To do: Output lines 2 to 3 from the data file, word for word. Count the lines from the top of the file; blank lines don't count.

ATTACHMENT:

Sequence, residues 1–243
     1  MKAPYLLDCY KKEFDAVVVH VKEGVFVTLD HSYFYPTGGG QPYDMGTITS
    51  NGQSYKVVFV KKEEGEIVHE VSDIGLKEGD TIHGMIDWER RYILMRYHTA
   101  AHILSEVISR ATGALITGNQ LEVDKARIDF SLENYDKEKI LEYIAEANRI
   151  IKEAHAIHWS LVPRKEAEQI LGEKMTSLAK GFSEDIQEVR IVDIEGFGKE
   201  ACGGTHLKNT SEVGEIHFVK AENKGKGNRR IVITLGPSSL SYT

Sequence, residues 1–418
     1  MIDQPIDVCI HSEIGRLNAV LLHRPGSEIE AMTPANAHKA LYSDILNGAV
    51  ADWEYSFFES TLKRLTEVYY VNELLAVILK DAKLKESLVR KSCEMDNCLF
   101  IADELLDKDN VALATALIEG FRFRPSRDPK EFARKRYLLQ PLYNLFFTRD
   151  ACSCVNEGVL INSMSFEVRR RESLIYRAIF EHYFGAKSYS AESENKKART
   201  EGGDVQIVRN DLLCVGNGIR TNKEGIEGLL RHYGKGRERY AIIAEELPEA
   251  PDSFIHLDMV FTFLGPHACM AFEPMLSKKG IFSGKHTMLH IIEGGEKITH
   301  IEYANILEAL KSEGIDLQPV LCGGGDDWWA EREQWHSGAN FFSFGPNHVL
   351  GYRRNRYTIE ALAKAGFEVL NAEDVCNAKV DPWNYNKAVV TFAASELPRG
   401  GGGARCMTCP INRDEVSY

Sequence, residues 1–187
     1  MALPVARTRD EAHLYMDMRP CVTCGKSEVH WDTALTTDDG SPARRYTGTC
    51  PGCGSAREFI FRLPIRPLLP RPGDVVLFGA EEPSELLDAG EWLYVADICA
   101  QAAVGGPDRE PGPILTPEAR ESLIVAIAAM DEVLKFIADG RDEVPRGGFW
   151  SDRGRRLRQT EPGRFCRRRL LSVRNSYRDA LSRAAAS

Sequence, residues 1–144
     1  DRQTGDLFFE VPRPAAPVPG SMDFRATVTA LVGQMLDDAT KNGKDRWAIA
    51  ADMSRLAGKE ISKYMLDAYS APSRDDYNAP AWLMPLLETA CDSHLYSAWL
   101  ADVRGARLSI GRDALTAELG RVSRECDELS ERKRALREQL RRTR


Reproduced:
     1  MKAPYLLDCY KKEFDAVVVH VKEGVFVTLD HSYFYPTGGG QPYDMGTITS
    51  NGQSYKVVFV KKEEGEIVHE VSDIGLKEGD TIHGMIDWER RYILMRYHTA